Of course, there is still plenty of aggression to go with the forethought. But Steyn has learned to channel that, too. "I think cricket brings out a more aggressive side in me in all honesty," he said. "Where else in the world do you get the opportunity to basically kill someone with two bouncers an over? Or try, legally. That can bring out the anger in anyone. I think off the field I'm pretty chilled, but on the field it's all business."

A business made less risky by shrewd management.

Daniel Brettig is an assistant editor at ESPNcricinfo. He tweets here

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© ESPN Sports Media Ltd.

Posted by BillyCC on (November 4, 2012, 22:25 GMT)

@Meety, totally agree. Steyn strikes at a quicker rate than Ambrose but that doesn't mean much when he gives away a boundary every over. Hence Ambrose averages 3.5 runs less than Steyn.

Posted by Meety on (November 3, 2012, 22:10 GMT)

@ jb633 on (November 02 2012, 01:28 AM GMT) - I agree, watching Ambrose was amazing. You always felt a wicket was coming. Watching Steyn - it is similar, you are expecting him to get a wicket (or two) every spell, the diffeence being - batsmen can pick up a boundary or two while they wait to be executed. Ambrose, (my fav WI pacer, just ahead of Holding - well actually I admired & dreaded them all!), never seemed to ever give you anything to hit. He was a meaner, (on the field), more dangerous & skilful version of McGrath IMO, (& that says a fair bit)!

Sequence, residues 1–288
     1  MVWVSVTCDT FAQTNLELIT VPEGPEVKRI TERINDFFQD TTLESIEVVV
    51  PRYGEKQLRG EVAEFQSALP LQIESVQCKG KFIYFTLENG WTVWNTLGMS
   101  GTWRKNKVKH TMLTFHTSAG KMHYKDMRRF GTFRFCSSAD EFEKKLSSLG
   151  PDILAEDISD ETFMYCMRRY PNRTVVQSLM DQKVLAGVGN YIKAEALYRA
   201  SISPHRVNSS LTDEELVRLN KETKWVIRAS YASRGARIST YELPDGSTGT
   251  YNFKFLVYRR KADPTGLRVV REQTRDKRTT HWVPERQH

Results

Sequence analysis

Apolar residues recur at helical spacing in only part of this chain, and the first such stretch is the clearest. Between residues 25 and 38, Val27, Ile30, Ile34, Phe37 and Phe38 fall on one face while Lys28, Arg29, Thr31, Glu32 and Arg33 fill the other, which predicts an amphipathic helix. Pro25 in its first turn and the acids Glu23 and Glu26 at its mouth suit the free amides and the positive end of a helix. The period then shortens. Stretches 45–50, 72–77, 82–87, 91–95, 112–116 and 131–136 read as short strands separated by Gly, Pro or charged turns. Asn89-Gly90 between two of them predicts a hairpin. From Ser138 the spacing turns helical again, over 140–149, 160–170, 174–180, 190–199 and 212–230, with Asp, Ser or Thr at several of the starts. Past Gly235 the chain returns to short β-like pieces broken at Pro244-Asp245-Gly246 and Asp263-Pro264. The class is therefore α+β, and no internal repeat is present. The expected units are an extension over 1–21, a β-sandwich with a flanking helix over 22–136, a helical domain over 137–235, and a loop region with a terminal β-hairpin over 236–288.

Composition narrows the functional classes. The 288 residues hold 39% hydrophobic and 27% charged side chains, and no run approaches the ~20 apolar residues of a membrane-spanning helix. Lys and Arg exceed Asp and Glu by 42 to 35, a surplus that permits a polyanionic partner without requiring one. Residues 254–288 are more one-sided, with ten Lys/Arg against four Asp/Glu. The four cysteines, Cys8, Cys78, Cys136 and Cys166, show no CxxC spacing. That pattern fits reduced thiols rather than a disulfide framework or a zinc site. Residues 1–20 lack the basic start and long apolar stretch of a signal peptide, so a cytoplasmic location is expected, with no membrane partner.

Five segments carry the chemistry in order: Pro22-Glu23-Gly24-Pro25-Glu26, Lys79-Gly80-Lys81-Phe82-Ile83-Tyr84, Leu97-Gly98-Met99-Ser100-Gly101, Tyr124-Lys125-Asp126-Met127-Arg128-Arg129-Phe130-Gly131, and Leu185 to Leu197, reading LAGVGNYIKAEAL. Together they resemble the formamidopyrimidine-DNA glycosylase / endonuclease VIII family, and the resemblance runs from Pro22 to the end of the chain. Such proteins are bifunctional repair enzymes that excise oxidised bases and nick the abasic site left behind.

Posted by BillyCC on (November 2, 2012, 6:59 GMT)

@vik56in, please, since when has the "great" benchmark now gone to averaging below 30? In most cricketing eras, there are only ever one or two standout fast bowling greats. There are two exceptions: in the late 1970s to mid 1980s and in the mid 1990s. For example, McGrath was the standout from 2000-2006 and your comment about the lack of bowling pitches also applies to that period. And McGrath averaged 20.5 in that period, three runs less than Steyn.

Posted by Paulk on (November 2, 2012, 4:20 GMT)

Dale Steyn is the one truly outstanding fast bowler of this generation who stands shoulder to shoulder with the greats of the past, the last of whom was Glenn McGrath.

Posted by Ronaldus on (November 2, 2012, 2:43 GMT)